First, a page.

“I believe further similar moves will follow, including expediting the visas of (foreign) relief workers seeking to enter the country,” Ban said, warning that relief efforts to save survivors of the May 2-3 Cyclone Nargis had reached a “critical moment.”
“We have a functioning relief program in place but so far have been able to reach only 25 percent of Myanmar’s people in need,” he said.
Progress can’t come too soon, as cyclone victims, desperate for food, beg by the side of the road:
May 20 2008
“For the vast number of Americans, if they just gave to some disaster far away and then another disaster happens, in their mind that’s clumped as ‘faraway disaster,'” Strahilevitz says. “So they will feel, ‘I just gave to a faraway disaster.'”
It’s no secret that Americans are feeling less fortunate than in previous years. Escalating gas and food prices, the mortgage crisis and a recent “economic recovery” that only positively affected the most wealthy among us have left families seeing their household budgets shrink.
But as tough as we have it, it is nothing compared with what millions of people are going through right now in Myanmar:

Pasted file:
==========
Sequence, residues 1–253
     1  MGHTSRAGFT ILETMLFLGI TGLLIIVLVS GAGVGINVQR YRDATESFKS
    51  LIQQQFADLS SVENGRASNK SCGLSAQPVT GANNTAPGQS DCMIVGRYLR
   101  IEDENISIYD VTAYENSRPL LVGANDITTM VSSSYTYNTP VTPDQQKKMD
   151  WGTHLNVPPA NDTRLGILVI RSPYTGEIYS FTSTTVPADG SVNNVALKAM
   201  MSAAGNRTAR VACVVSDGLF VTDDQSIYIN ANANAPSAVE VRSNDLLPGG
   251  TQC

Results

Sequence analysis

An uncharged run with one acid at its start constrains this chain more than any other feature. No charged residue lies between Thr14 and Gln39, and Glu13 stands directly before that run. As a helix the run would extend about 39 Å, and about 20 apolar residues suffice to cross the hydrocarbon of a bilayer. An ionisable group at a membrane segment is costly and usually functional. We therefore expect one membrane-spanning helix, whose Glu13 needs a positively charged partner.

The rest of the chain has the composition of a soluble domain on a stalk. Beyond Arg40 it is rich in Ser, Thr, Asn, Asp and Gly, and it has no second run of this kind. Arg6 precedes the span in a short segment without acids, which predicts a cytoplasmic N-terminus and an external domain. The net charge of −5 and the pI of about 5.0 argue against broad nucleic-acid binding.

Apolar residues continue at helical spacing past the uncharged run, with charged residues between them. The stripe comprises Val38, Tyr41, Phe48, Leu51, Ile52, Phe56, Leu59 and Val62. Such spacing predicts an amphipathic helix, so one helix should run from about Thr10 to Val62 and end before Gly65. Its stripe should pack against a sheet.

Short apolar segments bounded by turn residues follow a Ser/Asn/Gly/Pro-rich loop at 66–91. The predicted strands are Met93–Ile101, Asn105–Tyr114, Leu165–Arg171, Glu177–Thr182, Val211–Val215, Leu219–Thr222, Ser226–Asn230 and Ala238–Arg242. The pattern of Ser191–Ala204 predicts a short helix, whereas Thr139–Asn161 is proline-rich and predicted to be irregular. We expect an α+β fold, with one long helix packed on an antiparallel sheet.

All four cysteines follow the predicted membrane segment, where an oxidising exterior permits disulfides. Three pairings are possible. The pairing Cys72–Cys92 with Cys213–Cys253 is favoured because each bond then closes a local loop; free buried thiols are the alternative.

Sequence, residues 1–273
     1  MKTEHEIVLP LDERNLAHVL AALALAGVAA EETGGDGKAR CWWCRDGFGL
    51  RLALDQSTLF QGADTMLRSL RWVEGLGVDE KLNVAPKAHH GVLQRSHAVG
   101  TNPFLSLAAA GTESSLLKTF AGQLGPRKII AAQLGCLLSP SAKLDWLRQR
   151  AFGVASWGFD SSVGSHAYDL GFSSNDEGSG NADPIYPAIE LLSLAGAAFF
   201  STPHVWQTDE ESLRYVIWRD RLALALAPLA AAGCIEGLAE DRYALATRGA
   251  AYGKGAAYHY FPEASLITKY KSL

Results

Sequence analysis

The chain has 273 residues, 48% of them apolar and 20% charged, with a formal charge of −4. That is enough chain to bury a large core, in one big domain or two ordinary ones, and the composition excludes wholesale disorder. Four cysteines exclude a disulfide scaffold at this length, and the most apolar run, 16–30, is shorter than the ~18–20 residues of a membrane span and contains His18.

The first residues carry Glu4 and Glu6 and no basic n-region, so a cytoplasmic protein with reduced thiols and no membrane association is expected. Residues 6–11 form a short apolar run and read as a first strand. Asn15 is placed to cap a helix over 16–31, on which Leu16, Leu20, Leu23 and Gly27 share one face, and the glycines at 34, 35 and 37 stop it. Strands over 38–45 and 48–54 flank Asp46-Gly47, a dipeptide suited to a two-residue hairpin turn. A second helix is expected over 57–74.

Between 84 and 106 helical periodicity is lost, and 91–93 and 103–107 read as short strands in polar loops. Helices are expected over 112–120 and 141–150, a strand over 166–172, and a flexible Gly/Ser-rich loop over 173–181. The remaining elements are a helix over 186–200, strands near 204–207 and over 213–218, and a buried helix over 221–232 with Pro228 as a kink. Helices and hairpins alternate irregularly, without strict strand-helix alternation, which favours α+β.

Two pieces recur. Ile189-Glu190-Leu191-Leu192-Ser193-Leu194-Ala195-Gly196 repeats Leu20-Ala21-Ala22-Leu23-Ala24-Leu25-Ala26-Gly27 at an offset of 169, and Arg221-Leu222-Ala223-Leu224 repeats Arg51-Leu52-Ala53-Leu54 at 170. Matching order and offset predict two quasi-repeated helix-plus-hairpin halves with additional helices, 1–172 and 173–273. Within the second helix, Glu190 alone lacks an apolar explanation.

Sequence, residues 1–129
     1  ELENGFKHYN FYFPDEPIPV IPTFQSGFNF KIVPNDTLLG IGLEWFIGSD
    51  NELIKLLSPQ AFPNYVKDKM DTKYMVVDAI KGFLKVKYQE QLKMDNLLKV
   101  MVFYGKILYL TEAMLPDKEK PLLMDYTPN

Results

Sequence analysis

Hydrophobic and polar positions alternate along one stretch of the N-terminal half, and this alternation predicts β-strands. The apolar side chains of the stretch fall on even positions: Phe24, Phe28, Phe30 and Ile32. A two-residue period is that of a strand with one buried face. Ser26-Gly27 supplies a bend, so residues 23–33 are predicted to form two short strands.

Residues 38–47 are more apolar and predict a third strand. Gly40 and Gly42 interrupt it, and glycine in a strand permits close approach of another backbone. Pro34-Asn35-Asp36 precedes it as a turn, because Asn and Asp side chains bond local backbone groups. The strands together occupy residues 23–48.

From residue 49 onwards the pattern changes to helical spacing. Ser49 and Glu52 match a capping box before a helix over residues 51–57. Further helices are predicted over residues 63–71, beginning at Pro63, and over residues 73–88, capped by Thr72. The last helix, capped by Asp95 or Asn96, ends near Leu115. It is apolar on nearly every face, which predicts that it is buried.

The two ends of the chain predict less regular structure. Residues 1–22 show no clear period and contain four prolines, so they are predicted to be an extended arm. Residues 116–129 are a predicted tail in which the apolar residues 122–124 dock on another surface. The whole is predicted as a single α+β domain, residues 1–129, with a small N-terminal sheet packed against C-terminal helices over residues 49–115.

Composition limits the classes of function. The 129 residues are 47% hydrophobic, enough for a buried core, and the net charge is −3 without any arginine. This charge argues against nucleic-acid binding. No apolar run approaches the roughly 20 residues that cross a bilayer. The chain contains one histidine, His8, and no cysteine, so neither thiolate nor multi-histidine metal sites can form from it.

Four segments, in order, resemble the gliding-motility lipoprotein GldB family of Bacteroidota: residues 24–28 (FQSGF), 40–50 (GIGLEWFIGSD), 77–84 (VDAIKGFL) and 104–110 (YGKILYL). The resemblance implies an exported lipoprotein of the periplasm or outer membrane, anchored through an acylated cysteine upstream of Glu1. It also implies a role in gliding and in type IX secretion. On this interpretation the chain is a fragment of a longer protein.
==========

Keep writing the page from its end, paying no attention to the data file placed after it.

MSNBC reports that Americans have given $12.1 million to charities for Myanmar relief efforts, far short of the $1.92 billion the US gave to assist the victims of the 2004 Asian tsunami.
May 19 2008
No one event triggered this devolution, but it undeniably was pushed along many times by the moral relativism of the last 50 years, when most of society’s widely accepted norms were undermined by the quicksand of nonjudgmentalism; when the concepts of right and wrong, good and bad, were abolished in favor of differences that were to be respected if not celebrated, and codified when necessary to surmount widespread public opposition.
Paradoxically, people and institutions whose beliefs do not permit them to tolerate the most abhorrent differences were judged to be evil. Through rigid enforcement of increasingly fascist speech and thought codes, relativists turned America into a nation of lip-biters who with their silence condoned as normal behaviors and beliefs that are irrefutably unnatural and inherently immoral.
No, the [recent California Supreme Court] ruling merely answered homosexuals’ purely emotional plea for cultural acceptance by giving civil unions their proper label – “marriage” – the will of Californians, as democratically expressed twice, and the dark societal consequences be damned.
–Editorial in the May 17, 2008 Waterbury Republican.
Anyone who regularly reads my blogs probably thought to log in and find the latest news from Myanmar, or of the earthquake in China.
But today I want to write about something that underpins almost every headline here and abroad: human suffering. The answer on how to understand human suffering has been written about and expounded upon by far more eloquent and profound people than me. Everyone from Martin Luther King, to Gandhi, to the Dalai Lama agrees that compassion is the ultimate answer.
But what is the question?